Biggest attractions of Greece

The face of Greece

This paper is mainly concerned with the visual splendour of Greece-its contrasting landscapes, the treasures of its past, the people, the incredible brightness of its light, the sculptured coasts and blue seas, and the present scene-everything that combines to make this land uniquely attractive. Not the most beautiful, not the most famous, not the most important-just the one people enjoy most. How does one account for the magic of this land?

It is true that Greece typifies the contrasts, geology, climate, even paradoxes inherent in the Mediterranean region. But contrasts between town and country, bar­eness and fertility, and between man dominating nature and nature dominating man, are more marked in Greece than anywhere else.

Although it is a geological prolongation of the Balkan peninsula, it is a distinct world that fills the mind with unforgettable impressions. The light is almost unnaturally clear and luminous, spilling over mountains and flashing off the sea on to the coasts and islands. The air is clean and fresh and scented with the aroma of countless wild flowers. More tangible is the aura of history that enfolds you: the superb sophistica­tion of Minoan Crete, prehistoric Mycenae and megalithic Tiryns, classical Athens, Byzantine Mystra and medieval Rhodes. Partly it is the timeless background-ancient ruins and crumbling stone walls, Bronze Age volcanoes, and the tang of the sea. Dotting a historical span of almost 4000 years is Greece’s incredible tradition of arts and crafts, ranging from prehistoric pottery of ingenius shapes and vivid Minoan frescoes to the incomparable sculptures of the Golden Age and Byzantiums jewel- studded treasures.

The Contrasts in Greece

Greece is always more than one expects. And with good reason. Around every corner it seems there lurks some hidden treasure: splendid ruins that indicate past glory and long human occupance, a shop full of appealing folkcraft, a beach sited bungalow resort, a stretch of sapphire sea, or a wayside taverna inviting you to lose all sense of time over a glass of wine. This combination of antiquity and modernity keeps the visitor hovering between reality and fantasy until he reconciles the long history of Greece with its living present.

Then again, Greece consists of several bits of diverse geography. Soaring moun­tains are separated by deep valleys, lakes and seas, its ternal imprint. There are countless peninsulas and bays and indentations. And, of course, innumerable islands. It is really a land of islands, one after the other, no two alike.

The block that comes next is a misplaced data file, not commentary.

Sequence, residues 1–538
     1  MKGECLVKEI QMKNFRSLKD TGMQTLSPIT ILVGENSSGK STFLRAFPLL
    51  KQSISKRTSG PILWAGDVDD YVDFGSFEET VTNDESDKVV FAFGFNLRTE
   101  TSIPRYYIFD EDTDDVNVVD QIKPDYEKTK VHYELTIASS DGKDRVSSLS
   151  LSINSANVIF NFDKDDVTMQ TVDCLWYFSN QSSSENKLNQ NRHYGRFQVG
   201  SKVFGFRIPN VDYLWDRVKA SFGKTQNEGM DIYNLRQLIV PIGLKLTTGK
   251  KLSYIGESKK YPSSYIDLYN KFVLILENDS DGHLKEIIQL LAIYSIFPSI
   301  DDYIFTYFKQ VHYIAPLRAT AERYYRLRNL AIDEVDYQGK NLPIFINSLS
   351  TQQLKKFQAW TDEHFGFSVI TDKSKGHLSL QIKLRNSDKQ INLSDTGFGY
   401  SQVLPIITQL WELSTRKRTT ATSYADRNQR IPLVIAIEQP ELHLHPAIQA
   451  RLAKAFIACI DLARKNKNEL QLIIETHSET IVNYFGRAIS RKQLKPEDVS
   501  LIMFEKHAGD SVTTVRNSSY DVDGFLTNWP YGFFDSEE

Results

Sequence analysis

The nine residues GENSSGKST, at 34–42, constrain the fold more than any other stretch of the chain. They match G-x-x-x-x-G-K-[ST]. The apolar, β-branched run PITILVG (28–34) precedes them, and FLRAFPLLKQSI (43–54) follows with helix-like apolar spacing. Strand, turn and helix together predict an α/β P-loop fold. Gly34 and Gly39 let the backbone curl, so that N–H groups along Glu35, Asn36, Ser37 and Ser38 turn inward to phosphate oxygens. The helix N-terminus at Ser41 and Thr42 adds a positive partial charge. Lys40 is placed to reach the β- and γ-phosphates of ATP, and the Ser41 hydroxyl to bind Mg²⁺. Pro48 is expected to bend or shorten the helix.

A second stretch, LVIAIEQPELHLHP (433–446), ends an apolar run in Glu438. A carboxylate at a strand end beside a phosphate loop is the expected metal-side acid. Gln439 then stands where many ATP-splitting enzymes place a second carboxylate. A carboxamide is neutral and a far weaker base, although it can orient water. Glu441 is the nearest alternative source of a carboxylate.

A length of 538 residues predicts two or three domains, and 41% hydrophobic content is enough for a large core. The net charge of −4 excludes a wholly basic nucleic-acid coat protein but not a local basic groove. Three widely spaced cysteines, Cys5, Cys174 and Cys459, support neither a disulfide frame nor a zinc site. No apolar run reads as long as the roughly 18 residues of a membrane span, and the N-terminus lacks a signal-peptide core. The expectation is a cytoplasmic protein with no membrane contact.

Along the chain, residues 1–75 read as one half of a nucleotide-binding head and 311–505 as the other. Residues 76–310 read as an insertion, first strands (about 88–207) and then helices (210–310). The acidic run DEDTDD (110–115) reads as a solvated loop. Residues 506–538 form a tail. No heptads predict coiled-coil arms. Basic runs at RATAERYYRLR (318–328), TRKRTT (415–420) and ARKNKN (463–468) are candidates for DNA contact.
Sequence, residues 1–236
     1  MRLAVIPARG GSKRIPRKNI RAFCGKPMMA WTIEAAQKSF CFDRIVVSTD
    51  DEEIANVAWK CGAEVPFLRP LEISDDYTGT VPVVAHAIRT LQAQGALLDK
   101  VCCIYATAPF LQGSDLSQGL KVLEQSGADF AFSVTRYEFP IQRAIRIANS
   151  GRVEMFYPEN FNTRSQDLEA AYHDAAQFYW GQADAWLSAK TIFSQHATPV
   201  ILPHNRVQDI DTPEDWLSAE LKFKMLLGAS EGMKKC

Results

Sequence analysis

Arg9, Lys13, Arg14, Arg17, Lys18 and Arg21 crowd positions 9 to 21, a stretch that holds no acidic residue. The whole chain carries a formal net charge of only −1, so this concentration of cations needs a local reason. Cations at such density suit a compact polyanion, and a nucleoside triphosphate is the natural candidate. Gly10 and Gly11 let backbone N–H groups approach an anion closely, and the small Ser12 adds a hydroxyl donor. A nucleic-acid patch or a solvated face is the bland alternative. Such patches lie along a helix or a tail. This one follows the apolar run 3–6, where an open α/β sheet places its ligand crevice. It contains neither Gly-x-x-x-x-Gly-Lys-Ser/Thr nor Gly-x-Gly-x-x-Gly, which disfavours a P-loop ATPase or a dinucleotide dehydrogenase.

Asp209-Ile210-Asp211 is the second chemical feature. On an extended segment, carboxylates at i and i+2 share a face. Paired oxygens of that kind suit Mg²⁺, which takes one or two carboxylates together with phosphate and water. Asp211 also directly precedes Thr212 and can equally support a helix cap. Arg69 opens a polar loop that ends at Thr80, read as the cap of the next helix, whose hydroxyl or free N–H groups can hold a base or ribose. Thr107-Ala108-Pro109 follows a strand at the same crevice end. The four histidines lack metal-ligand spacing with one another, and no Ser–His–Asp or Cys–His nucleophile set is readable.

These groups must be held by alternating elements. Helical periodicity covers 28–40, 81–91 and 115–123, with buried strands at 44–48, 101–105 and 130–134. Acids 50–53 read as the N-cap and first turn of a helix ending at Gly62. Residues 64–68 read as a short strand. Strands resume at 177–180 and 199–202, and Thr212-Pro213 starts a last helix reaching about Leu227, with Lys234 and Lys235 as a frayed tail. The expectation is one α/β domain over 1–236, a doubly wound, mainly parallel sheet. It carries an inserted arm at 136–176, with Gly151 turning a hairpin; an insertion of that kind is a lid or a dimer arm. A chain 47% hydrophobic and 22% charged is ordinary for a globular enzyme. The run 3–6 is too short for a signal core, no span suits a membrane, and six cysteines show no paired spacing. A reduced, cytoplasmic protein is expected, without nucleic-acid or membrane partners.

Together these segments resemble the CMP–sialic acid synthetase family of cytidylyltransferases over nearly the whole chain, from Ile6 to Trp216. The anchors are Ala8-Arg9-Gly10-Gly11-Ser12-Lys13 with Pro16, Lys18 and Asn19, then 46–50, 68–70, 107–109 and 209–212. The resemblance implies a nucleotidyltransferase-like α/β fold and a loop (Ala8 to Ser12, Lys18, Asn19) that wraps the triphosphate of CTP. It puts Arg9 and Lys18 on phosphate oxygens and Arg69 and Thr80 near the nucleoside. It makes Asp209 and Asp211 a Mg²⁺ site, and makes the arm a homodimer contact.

The waters that almost surround the 50,000 square miles of Greece are blue, pure and clear. They moderate its temperatures in all seasons, and the constant sunshine gives a diamong sparkle to everything. To think of Greece is to think of its climate, which is typically Mediterranean and just as warm and delightful in April and October as it is in July and August.

The People of Greece

There are some 9 million Greeks: cheerful, hospitable, funloving, unpredictable perhaps, but full of contagious enthusiasm. One hardly ever comes across a bored or surly Greek.

From the beginning, indeed, from the time when Greece was first inhabited, some 7000 years ago, her hardy people have been intent on proving that they are a special breed, fully capable of guiding their own destiny theystill are. And they still do. Their boundaries may have altered, and they have undergone the most diverse experien­ces in the course of history, but this has moulded them into a single nation embracing countless generations. The spirit that made this craggy land what it was 25 centuries ago, a very small corner of the earth that exercised an influence out of all proportion to its size, still persists. Greece is once again a living entity, responding to the call of the centuries, yet remaining herself through time.

The Present Scene

Along with the scenery, the history, the beautiful islands, brilliant sunshine and blue seas, Greece also has to offer modern facilities in all parts of the country. That is why it is now fast becoming one of the favourite holiday countries in Europe and the Middle East. Almost all the hotels are new and equipped with every up-to-date amen- nity. Even a third class hotel with a bath is the rule rather than the exception. Travel by boat, train, airplane or car ferry is easy and comfortable. Reasonably cheap too. The beaches are crowd free, and there are well-placed camping sites for the go-it alone traveller. Yachts and cruise ships are catered for by some 85 supply stations and marinas, on islands and coasts.

The ideal way to see Greece and to gain some insight into the true spirit of the Greeks is by car or bus combined with ship or airplane. The magic of Greece works on you the moment you set foot in the country, and by combining ample leisure time with well planned sightseeing you will find that Greece has few equals for the wealth and variety of impressions it leaves in the mind. And these will remain cherished memories long after the holiday itself is over.

Historical background of Greece

Erechteion_-_chapiteau

The dawn of Europe’s history, when the kingdoms and empires of the Oriental ci­vilizations rose and fell, begins with the arrival of the Greeks. The first slow stages of the climb from primitive culture to the heights of civilization began in the Aegean area during the Bronze Age (2800-1100 B.C.). It was an age of trade and communication between nations, peaceful on the whole, but with interludes of savage warfare. The Aegean area was the key position for all trade during the 2nd and the 3rd milleniums B.C., between peoples coming from the North, Asia Minor and North Africa. The whole of the Aegean Civilization was based on sea power and commerce. The ancient world brought its trade to the islands and coastal regions of the Aegean, and the wealth of the inhabitants increased accordingly. Crete was in constant trade communication with the rest of the Aegean, where independent little civilizations arose, of which the most notable is the Cycladic. The Cyclades group was too small to support a large po­pulation, but their mineral and metalic wealth, added to their geographical position, gave the islands unusual importance in the early Bronze Age.